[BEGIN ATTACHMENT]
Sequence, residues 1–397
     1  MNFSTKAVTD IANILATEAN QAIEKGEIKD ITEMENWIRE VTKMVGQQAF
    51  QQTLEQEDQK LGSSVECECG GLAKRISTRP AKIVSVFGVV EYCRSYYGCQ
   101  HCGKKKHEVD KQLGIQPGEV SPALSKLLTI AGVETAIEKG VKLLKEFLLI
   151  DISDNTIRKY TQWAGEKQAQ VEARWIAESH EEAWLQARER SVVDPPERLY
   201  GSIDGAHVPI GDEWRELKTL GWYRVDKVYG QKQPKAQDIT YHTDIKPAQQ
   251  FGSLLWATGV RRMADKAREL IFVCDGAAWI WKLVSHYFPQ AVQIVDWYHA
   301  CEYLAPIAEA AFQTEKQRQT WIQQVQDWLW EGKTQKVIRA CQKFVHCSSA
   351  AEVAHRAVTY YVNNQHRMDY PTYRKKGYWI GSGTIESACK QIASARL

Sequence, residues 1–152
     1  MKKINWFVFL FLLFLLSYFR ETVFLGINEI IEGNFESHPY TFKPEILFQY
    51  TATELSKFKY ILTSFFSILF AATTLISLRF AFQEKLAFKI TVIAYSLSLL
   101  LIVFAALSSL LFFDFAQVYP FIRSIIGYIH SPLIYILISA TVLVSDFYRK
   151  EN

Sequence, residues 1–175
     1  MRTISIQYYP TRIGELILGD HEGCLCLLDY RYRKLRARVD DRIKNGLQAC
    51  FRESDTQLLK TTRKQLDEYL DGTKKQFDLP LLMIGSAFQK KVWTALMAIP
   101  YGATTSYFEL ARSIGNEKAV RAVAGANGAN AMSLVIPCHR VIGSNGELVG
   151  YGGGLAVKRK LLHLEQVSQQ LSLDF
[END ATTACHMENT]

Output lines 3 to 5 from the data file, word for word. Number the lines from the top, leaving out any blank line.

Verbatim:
    51  QQTLEQEDQK LGSSVECECG GLAKRISTRP AKIVSVFGVV EYCRSYYGCQ
   101  HCGKKKHEVD KQLGIQPGEV SPALSKLLTI AGVETAIEKG VKLLKEFLLI
   151  DISDNTIRKY TQWAGEKQAQ VEARWIAESH EEAWLQARER SVVDPPERLY